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jjrbus 10-21-2012 03:35 PM

Energy saving roofing materials
I have been wading through tons of info on asphalt roofing shingles for SW Florida. Lots of tech terms and info. Then I came across a site that indicates very small actual savings on so called energy efficient shingles. So now I am totally confused? Any input? JIm

joecaption 10-21-2012 03:47 PM

Good luck with that idea.
Ligher colored shingles, SIP panel installed before the shingles, properly air sealed attic and plenty of insulation in the attic, proper venting will 100% sure save energy.

burnt03 10-21-2012 05:19 PM

Any more info on the SIP panels? How thick are they, vapor barrier built in, R-value, rough price per sq ft, etc?

joecaption 10-21-2012 05:28 PM

Not cheap, just Google it.
All depends on what type roof you have.

Windows on Wash 10-21-2012 05:50 PM

Energy savings all depends on what type of roof system you have and what the attic is like.

Is there HVAC equipment in that attic as well?

jjrbus 10-21-2012 08:15 PM

Really appreciate all the imput but at the moment I just need to figure out the best bang for the buck for a simple tearoff and shingle replacement job. Will not be doing anything exotic. Will post picture and ask about venting later. I think I see an issue there.

I guess the best question would be are the Energy Star/cool roof rated shingles worth the xtra cost?

Windows on Wash 10-22-2012 04:55 AM

Yes and no. If you have proper insulation and no duct work in the attic, they are not. If you have duct work in the attic, in FL they would be of benefit.

You need to supply more information.

jjrbus 10-22-2012 07:23 AM

Thanks for the response!

Years on the internet and I never supply enough info

Cape Coral area FL. Roof is oriented in a northern direction with a 7/12 pitch, may be wrong on pitch? Cathedral ceilings in house with AC and duct work in attic space, using scissor truss's. Duct work looks good was probably replace with AC 7 years ago.

I have not closed on this house yet so am missing some info, but need to put on roof immediately upon closing or will lose insurance.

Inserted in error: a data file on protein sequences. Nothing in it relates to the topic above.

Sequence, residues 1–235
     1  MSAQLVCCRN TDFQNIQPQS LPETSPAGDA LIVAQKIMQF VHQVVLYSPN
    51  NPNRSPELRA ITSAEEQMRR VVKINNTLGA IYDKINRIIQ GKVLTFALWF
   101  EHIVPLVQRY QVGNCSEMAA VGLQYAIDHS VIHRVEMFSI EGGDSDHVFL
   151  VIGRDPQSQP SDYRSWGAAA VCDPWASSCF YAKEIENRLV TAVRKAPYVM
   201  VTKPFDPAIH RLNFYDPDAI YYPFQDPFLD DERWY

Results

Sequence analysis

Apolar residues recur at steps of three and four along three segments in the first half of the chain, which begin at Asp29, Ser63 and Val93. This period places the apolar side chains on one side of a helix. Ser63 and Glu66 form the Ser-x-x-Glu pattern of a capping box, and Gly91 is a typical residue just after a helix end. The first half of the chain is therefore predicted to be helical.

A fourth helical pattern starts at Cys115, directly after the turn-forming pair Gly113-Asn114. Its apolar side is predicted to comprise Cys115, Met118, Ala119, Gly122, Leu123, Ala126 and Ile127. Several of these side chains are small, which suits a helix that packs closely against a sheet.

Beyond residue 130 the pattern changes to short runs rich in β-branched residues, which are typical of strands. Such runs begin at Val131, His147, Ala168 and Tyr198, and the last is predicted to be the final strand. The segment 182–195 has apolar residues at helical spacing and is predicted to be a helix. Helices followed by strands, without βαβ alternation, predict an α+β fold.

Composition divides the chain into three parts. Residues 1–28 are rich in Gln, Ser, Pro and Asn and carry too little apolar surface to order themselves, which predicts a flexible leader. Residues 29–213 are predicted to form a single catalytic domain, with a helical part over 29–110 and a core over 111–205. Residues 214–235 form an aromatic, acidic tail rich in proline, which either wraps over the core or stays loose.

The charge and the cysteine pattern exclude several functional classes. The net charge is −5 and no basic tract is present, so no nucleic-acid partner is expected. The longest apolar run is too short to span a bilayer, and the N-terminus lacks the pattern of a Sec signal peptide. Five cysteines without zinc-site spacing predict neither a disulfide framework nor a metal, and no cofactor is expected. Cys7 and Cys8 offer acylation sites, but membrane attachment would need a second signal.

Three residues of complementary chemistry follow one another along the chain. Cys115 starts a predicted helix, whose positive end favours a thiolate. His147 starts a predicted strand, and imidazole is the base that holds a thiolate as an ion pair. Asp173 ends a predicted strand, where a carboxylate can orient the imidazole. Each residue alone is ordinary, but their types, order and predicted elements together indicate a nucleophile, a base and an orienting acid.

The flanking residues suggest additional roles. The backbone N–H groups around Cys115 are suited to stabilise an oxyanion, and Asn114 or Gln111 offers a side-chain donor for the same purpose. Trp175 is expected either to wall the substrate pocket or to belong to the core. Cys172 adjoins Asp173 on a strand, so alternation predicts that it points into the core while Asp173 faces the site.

I do not have pic yet so will add link, showing picture of house. For the ridge vent should it be full length on the roof and should it be added to the garage? Soffit are perforated aluminum. I suspect that Lani (screened porch up north) in rear was added after construction and venting was blocked to attic, assuming they moved the aluminum soffit from house to lani.

If there will removing blocking to venting be adequate from lani to house?

I also suspect some damage to truss ends due to inadequate guttering on front of house, there is no code requiring gutters so will remove them when roofing.

Am I asking the right question? JIm

Windows on Wash 10-22-2012 10:01 AM

The more reflective shingles are usually a good investment in Florida and especially if you have duct work in the attic.

The duct work is usually insulated poorly and the reduction in attic temps will help all the systems work a bit easier.

jjrbus 10-22-2012 10:25 AM

One article/study I read claimed very little difference in savings for energy efficient roof shingles but made no mention of AC in attic.

Their claim was the savings could be as low as $42 a year on average house.


AGWhitehouse 10-22-2012 11:06 AM

There's no way to put a true $$ to a roof shingle without knowing the specific house they are installed on. The lighter the color, the less UV will be absorbed, the less heat will be gained. This will result in slighty (and I mean slightly) lower temperatures within your attic that will result in slightly (again, slightly) lower heat gain within your ductwork. As hinted to above, proper venting of the attic space is more effective at latent heat control than the color of the shingle.

Grumpy 10-22-2012 01:44 PM

Reflective shingles won't be much savings at all, because if the attic space is a properly ventilated space the actual difference of thermal transfer from a black roof to a white roof is only 2 degree attic temperature. Key on the properly ventilated.

Read the following articles I wrote about this topic,

SIP panels may void or limit your shingle warranty. Read the warranty document before choosing this option.

AGWhitehouse 10-22-2012 01:54 PM


Originally Posted by Grumpy (Post 1035798)
SIP panels may void or limit your shingle warranty. Read the warranty document before choosing this option.

Look for "Ventilated nail-base panels" for roofing applications. "SIPs" as you'll find in a google search are predominately used for wall applications.

Grumpy 10-22-2012 02:11 PM

Yeah I like those vented nail base panels, I hit on that in link to the article I posted above. HOWEVER what we don't know is if this roof structure is a warm deck or cold deck design. If it is a cold deck design I can install R 30 blown ni fiberglass for the price of R 9 poly iso rigid insulation board. So converting it from cold deck to warm deck isn't really advised. In my opinion if the roof is currently a cold deck design it is much better to honor the original design, insulate the ceiling and insure proper attic ventilation.

If it is a warm deck design, then my opinion changes. I would opt for the vented nail base and opt for a reflective roofing shingle, and still proper ventilation. Though proper ventilation is harder to achieve with vented nail base in many cases.

AGWhitehouse 10-23-2012 02:41 PM


Originally Posted by Grumpy (Post 1035814)
Though proper ventilation is harder to achieve with vented nail base in many cases.

How so?

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